When you choose a certain card in Timescape, it gets larger and you are prompted to take one of the following actions:
11) Press once gain to open the relevant service. If you pick a phone contact, you will get to the dialling screen, choose the card of a received message and you will be able to reply, the Spline of a social service takes you to the corresponding webpage, etc.
2) Press the Infinity button (yep, the one with the infinity symbol on it) and you will get all the available information about the selected object. Take a look at the two examples below:
- Choose an audio track (in Timescape) and press Infinity. A screen showing all albums of the band available on the expansion card will pop up. The pages below it enable you to download more music via Sony Ericsson PlayNow or watch videos of the performer uploaded on YouTube. You also have the option to search the Internet via Google on pressing the Web search button.
- Choose a Twitter or Facebook post and you can link it to a phone contact. In this way you get a screen that unifies all relevant posts the person has published on the social network. If already linked to a contact, the above mentioned screen will show up instead.
All told, the concept behind Timescape is really nice and the application saves you the trouble of handling multiple home screen widgets in order to keep in touch with the latest whereabouts of your online buddies. Moreover, the program is the actual point of access for many functions and provides a wealth of information. You can enter Timescape via a widget that shows the latest event or set the application as a home screen. We don´t really like the latter option, since you are left with only four application shortcuts and they cannot be personalized.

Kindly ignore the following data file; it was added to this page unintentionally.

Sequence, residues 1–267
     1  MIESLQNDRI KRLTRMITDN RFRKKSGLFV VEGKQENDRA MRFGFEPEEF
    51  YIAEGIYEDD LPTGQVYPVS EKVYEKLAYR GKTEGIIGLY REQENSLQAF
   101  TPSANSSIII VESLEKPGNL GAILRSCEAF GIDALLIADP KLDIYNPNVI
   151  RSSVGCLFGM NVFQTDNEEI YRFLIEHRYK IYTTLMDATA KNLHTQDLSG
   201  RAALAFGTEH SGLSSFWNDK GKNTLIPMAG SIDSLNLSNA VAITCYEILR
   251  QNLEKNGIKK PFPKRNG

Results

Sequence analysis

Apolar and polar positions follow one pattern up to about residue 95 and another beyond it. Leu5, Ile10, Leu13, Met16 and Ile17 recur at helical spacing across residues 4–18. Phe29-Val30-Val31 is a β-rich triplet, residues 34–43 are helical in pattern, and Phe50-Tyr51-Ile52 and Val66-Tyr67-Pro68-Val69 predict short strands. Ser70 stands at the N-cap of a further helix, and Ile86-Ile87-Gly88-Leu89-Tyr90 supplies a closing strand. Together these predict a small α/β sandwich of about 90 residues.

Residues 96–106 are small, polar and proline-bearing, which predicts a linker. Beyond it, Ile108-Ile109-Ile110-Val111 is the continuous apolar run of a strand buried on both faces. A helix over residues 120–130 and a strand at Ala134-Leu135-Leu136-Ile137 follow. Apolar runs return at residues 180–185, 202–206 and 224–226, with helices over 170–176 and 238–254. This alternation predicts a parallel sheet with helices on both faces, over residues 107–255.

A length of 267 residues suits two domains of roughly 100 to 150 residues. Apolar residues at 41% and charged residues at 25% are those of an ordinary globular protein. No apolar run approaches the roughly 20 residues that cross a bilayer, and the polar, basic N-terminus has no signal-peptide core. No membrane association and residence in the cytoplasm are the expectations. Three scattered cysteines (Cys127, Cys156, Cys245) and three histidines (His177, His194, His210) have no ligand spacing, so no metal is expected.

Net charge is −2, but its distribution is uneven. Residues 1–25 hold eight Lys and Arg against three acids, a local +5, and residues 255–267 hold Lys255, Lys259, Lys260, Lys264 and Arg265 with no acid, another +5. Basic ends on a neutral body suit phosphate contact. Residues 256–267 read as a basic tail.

Yes, we do like the whole idea, but it´s not all coming up roses either. We would have liked Timescape better if it allowed for RSS feeds to follow websites. Moreover, a social networking Spline opens the internet page of the corresponding service, even if you happen to have a dedicated application for it. This is acceptable in the particular case of Facebook, because the touch-screen version of the web site is convenient to use, but there are some really great Twitter clients out there. The other issue with Timescape is that it does not provide information on comments and messages you get on the social networks you are registered with, but status updates only. In other words, the application simply does not have the necessary functionality to fully replace dedicated social networking clients.